To be sure this medication is helping your condition, your blood and urine will need to be tested often. This will help your doctor determine how long to treat you with EDTA.

What happens if I miss a dose?

Since EDTA is given by a healthcare provider, it is not likely that you will miss a dose.

What happens if I overdose?

Tell your caregivers right away if you think you have received too much of this medicine. Overdose symptoms may include feeling light-headed or fainting.

What should I avoid after receiving edetate disodium?

Avoid getting up too fast from a sitting or lying position, or you may feel dizzy. Get up slowly and steady yourself to prevent a fall.

Edetate disodium side effects

Get emergency medical help if you have any of these signs of an allergic reaction: hives; difficulty breathing; swelling of your face, lips, tongue, or throat.

Tell your caregivers at once if you have any of these serious side effects:

  • feeling like you might pass out; or

  • severe blistering, peeling, or red skin rash.

Less serious side effects include:

  • nausea, vomiting, diarrhea;

  • numbness or tingling (especially around your mouth);

  • headache; or

  • pain, redness, or swelling where the needle is placed.

This is not a complete list of side effects and others may occur. Tell your doctor about any unusual or bothersome side effect. You may report side effects to FDA at 1-800-FDA-1088.

See also: Side effects (in more detail)

What other drugs will affect edetate disodium?

There may be other drugs that can interact with EDTA. Tell your doctor about all your prescription and over-the-counter medications, vitamins, minerals, herbal products, and drugs prescribed by other doctors. Do not start a new medication without telling your doctor.

More about Endrate (edetate disodium (edta))

Consumer resources

Professional resources

Related treatment guides

Where can I get more information?

  • Your doctor or pharmacist can provide more information about EDTA.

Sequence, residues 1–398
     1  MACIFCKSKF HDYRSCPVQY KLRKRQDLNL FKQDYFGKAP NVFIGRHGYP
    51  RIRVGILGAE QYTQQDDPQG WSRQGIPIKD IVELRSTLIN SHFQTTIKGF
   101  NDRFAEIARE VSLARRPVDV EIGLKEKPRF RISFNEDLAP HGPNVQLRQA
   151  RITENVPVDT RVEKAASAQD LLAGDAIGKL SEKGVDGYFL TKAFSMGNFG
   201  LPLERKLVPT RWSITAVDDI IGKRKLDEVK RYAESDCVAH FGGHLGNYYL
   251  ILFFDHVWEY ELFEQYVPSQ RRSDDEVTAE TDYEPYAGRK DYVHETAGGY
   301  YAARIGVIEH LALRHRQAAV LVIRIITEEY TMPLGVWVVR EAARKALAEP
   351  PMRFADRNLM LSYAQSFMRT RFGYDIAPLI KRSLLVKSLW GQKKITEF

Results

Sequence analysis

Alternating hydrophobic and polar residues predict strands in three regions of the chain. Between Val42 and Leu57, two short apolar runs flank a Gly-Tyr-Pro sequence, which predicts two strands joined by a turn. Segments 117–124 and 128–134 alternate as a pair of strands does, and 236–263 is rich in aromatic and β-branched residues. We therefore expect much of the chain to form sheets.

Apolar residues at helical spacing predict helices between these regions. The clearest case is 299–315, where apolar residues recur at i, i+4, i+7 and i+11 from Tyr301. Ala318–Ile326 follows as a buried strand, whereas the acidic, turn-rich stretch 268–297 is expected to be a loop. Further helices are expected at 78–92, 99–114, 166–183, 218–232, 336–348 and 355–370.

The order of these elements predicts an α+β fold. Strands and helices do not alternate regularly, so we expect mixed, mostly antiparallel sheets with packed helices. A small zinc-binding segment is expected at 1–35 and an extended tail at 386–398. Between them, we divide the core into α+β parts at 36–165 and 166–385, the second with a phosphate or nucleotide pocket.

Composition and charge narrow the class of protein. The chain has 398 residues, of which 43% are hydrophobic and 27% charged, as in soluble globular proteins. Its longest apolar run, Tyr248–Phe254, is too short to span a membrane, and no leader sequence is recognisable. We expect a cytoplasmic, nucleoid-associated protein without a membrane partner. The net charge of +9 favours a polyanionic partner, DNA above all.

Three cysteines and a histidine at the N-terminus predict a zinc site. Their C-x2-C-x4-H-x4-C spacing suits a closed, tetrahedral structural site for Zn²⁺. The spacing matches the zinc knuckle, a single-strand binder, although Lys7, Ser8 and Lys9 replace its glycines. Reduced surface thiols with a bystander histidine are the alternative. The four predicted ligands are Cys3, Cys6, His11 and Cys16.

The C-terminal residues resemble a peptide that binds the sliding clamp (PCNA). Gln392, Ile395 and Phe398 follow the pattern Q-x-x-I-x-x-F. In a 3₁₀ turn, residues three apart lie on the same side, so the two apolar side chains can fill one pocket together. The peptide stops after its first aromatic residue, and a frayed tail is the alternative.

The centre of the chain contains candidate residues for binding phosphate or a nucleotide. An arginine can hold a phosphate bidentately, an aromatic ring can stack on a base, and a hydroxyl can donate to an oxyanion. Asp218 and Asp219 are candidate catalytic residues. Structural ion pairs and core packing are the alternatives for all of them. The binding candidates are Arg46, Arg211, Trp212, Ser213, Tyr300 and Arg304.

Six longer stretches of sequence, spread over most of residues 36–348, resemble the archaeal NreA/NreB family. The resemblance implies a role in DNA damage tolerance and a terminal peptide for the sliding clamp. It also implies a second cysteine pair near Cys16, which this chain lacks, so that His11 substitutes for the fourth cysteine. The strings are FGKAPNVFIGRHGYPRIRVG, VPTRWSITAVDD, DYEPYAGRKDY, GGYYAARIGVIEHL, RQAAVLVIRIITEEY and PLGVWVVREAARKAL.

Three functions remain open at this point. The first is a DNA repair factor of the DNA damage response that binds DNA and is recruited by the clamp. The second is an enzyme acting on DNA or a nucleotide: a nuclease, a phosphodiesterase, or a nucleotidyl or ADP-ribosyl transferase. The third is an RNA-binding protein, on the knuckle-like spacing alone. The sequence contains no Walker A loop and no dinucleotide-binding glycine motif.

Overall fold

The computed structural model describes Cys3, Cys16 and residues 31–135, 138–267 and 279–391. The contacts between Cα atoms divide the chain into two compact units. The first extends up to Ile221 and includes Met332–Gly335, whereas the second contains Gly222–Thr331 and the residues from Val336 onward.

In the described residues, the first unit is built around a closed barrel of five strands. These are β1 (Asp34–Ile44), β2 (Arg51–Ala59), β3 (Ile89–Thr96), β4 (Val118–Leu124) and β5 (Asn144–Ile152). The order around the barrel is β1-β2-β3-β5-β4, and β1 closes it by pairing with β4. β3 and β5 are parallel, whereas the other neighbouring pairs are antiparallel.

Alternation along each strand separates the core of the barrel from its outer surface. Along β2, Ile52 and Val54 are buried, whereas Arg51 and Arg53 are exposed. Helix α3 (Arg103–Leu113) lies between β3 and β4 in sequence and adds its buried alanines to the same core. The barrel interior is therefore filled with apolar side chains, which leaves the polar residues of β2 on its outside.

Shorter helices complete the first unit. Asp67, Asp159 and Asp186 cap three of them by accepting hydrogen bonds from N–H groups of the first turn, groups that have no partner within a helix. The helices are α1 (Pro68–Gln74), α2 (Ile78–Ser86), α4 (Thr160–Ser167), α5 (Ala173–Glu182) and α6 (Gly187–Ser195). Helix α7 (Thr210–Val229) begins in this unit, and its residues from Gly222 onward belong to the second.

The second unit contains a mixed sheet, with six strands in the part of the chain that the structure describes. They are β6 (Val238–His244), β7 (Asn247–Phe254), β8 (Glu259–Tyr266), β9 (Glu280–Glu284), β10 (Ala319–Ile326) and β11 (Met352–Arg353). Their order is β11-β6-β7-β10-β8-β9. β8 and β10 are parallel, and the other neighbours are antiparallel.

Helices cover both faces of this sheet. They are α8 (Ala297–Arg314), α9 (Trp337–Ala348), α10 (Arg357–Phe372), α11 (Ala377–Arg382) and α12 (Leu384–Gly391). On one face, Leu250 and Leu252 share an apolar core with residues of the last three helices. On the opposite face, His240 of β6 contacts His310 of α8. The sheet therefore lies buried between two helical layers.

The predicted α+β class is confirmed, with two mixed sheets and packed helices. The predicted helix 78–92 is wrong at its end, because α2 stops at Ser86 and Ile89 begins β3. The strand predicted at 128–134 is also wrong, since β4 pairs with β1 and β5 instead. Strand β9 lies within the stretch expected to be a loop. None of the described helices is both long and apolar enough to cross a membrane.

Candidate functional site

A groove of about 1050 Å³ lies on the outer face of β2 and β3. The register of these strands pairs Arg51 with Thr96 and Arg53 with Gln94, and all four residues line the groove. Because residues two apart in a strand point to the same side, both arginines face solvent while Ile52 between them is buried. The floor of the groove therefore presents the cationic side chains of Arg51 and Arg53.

• Remember, keep this and all other medicines out of the reach of children, never share your medicines with others, and use this medication only for the indication prescribed.
  • Disclaimer: Every effort has been made to ensure that the information provided by Cerner Multum, Inc. ('Multum') is accurate, up-to-date, and complete, but no guarantee is made to that effect. Drug information contained herein may be time sensitive. Multum information has been compiled for use by healthcare practitioners and consumers in the United States and therefore Multum does not warrant that uses outside of the United States are appropriate, unless specifically indicated otherwise. Multum's drug information does not endorse drugs, diagnose patients or recommend therapy. Multum's drug information is an informational resource designed to assist licensed healthcare practitioners in caring for their patients and/or to serve consumers viewing this service as a supplement to, and not a substitute for, the expertise, skill, knowledge and judgment of healthcare practitioners. The absence of a warning for a given drug or drug combination in no way should be construed to indicate that the drug or drug combination is safe, effective or appropriate for any given patient. Multum does not assume any responsibility for any aspect of healthcare administered with the aid of information Multum provides. The information contained herein is not intended to cover all possible uses, directions, precautions, warnings, drug interactions, allergic reactions, or adverse effects. If you have questions about the drugs you are taking, check with your doctor, nurse or pharmacist.

Copyright 1996-2012 Cerner Multum, Inc. Version: 2.04. Revision Date: 2010-12-15, 5:01:39 PM.